Detention Camps

It is a sunny day. I am in line with a hundred or so people, were moving through gated corridors. Moving up to a doorway where someone takes our belongings and enter the facility. Parents and loved ones stand outside the gates weeping, crying and yelling things like, “What did she do!? WHy?! No!?” I am being sent into this camp with people aged 18-30. My offense; small, thumb-sized portion of marijuana found in my car, a year ago. The letter was sent to my apartment, and I appeared to court to fight the sentencing, but according to the new laws, anyone one expected to commit further crimes must be sent to this detention camp.

The sense is that I was already in this camp, though and the sense was also that the marijuana was not the reason I was put there. On my way in, I am slightly calm, and I realize that I have been here before, someone next to me, a girl in her late teens, dressed in jeans and a t-shirt; she doesn ‘t care that she’s going into a detention camp, and she looks at me as if she knows me. “She says, you’ve been here before, I remember you.” It is then that I realize that I had spent at least 3 years in here, got out, went to college for a while, and here I am now, getting herded back in. I start to weep. I start sobbing very badly, realizing that I had spent three years in this camp, but the only thing I remember is the day I went in. This terrifies me. The sobbing is waking me in and out of the dream but I fall back asleep just in time to enter the camp.

The camp is really like a project, with several amenities you would not receive at another detention camp. The feeling is, the people are being kept here in order to keep them removed from society. We, in some way, are dangers to the state, and not so much to society. There are people I know here, people I grew up with, harmless idiots, who may have opened the wrong book or listened to the Alex Jones show too long; the government caught up with them, brought up a past infliction of the law, and boom, sentenced to the detention camp for a few years.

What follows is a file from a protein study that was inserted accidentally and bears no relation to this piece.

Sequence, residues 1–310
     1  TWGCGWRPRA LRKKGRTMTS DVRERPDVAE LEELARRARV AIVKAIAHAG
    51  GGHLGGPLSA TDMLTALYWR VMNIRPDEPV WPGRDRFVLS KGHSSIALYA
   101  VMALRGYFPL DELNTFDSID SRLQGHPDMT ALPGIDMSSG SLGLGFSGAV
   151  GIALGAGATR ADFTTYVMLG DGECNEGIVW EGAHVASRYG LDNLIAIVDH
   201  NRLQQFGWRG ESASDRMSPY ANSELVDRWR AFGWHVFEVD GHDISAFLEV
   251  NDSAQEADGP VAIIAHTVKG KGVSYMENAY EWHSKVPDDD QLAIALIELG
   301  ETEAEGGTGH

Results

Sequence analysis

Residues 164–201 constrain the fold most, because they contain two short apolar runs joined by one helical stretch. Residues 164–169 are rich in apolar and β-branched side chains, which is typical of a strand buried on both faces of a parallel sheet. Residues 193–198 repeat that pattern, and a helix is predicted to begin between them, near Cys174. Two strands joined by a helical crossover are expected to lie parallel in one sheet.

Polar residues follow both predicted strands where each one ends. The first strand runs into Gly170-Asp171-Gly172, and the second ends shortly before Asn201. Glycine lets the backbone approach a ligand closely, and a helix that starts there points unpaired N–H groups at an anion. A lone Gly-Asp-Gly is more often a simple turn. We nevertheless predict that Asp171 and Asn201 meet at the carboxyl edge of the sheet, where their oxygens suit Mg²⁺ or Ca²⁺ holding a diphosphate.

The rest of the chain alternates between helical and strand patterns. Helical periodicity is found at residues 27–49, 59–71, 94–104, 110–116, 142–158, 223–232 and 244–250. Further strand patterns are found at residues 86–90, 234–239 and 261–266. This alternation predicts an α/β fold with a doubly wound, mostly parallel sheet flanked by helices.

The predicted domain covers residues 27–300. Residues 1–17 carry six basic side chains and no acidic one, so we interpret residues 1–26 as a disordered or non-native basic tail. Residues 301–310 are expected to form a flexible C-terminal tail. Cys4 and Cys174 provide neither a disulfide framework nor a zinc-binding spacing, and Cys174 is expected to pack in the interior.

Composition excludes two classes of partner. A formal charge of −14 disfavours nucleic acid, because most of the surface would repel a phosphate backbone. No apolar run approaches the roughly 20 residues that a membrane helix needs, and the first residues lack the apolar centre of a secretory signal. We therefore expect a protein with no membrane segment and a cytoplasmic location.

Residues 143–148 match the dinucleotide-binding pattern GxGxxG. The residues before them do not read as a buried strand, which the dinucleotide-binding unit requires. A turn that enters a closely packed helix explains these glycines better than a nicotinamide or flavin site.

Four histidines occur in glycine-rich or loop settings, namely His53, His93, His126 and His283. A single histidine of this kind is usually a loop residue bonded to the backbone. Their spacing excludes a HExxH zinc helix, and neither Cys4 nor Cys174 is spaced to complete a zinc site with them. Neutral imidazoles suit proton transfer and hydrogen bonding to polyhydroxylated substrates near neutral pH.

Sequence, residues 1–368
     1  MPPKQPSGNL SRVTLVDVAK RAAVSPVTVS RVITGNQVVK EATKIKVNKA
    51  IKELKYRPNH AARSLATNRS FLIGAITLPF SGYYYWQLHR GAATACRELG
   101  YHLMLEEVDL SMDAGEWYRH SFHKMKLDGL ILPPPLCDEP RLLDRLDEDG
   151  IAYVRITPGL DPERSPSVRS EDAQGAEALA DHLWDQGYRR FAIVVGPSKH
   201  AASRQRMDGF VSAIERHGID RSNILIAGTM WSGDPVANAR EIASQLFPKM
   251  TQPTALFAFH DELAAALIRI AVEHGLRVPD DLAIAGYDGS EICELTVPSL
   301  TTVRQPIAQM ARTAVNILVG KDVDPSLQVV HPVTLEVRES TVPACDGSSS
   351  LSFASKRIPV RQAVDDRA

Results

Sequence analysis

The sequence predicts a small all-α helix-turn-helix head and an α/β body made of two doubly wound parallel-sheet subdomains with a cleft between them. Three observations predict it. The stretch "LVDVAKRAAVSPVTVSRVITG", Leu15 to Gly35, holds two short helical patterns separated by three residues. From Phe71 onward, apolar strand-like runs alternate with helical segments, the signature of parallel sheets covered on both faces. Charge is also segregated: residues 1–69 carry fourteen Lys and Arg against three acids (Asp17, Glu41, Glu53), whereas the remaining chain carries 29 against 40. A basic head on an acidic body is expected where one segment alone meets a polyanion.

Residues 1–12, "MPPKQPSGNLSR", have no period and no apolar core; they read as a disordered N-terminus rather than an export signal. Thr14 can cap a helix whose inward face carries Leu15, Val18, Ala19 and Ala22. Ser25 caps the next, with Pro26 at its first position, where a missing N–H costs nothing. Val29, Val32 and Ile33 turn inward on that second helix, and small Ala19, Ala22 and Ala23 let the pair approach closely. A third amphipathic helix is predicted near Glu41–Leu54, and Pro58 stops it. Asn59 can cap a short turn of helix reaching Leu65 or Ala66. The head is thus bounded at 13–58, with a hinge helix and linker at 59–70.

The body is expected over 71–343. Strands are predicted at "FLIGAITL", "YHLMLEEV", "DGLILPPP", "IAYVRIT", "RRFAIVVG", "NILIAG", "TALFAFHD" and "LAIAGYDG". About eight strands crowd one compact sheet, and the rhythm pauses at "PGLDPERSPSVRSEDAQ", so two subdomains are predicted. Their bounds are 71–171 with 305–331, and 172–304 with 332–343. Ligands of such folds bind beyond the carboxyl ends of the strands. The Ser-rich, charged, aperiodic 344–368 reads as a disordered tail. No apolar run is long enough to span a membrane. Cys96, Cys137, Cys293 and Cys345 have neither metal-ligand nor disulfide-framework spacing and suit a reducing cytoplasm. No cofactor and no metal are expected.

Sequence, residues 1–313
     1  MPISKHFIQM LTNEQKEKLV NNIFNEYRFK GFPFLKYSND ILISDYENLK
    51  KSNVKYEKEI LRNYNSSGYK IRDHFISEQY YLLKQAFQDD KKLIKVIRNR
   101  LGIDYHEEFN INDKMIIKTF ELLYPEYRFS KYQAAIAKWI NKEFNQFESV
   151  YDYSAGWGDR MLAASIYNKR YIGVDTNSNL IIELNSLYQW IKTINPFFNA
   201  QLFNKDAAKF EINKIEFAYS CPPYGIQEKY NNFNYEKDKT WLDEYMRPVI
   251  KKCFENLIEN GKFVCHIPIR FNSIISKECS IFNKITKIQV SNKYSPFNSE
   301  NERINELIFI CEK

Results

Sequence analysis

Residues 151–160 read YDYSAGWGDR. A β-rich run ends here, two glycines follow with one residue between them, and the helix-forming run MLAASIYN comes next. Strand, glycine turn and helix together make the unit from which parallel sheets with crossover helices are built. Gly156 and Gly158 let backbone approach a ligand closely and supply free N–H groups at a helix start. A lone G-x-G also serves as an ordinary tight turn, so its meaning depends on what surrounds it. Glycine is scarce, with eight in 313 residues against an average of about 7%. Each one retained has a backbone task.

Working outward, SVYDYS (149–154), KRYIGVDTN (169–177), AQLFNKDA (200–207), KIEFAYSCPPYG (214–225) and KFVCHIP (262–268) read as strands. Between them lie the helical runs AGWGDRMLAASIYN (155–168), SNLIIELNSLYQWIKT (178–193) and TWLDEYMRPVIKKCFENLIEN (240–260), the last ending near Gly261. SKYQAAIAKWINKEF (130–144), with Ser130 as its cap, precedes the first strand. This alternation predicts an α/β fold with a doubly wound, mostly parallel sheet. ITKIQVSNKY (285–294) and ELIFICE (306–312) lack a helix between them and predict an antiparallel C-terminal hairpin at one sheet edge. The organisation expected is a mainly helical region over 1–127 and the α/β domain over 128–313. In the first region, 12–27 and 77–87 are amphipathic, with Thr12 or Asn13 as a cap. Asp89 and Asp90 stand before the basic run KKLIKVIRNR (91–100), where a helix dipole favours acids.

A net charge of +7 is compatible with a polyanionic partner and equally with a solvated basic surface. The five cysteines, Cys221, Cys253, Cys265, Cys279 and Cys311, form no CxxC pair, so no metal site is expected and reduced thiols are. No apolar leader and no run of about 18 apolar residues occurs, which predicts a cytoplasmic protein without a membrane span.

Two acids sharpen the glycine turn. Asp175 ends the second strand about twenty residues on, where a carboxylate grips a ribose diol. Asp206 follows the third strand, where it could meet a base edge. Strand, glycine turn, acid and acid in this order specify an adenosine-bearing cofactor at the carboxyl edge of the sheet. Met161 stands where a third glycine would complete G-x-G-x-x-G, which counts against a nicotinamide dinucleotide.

This is my second time in. I first take the elevator up to my room, which is a shared room. I walk in, there are beds on either side of the wall, small night stands, and a table at the foot of each bed. On the night stands are small jukebox/music players with a small list of songs shining from an LCD display. The songs had been preselected from our memory banks, or somehow, the state knew what music we liked and programmed a few songs into these players. The floors, ceilings and walls were wooden, and everything had a reddish tint to it. In the center of the 20th floor, which is where I was located, there was a large cafe/diner where people sat and smoked. Even on the first day of their internment, people were happy to see each other, sitting in the diner, smoking. I walked up to a skinny mexican kid behind the bar, and asked him for a book of matches. He gave me some and I walked back to my room and sat on my bed. I tried to remember the three years I was here, but I couldn’t remember any of it. Again, all I could remember was the entering, the fingerprints, the stripping, the yelling, the screaming, the mothers crying. I remember my mother standing outside the fence, not crying or screaming, but just wondering. I remember getting the letter and taking it to my mother’s house, and the look on her face.

My roommate, is Jaime. He got himself in, somehow. He would not let me keep sitting on the bed, weeping, wondering what to do now. He was convinced that there was a way out, and he snuck himself in here to help find a way for all these innocent people. It was a bit relieving to see him, but already I could tell that whatever poison they used to make us forget everything, was starting to work on him, because he increasingly wanted to talk about how pretty and interesting some of the women were. His rebellious sense was wearing off, just in that first few minutes. I sat back on the bed, lit a cigarette.

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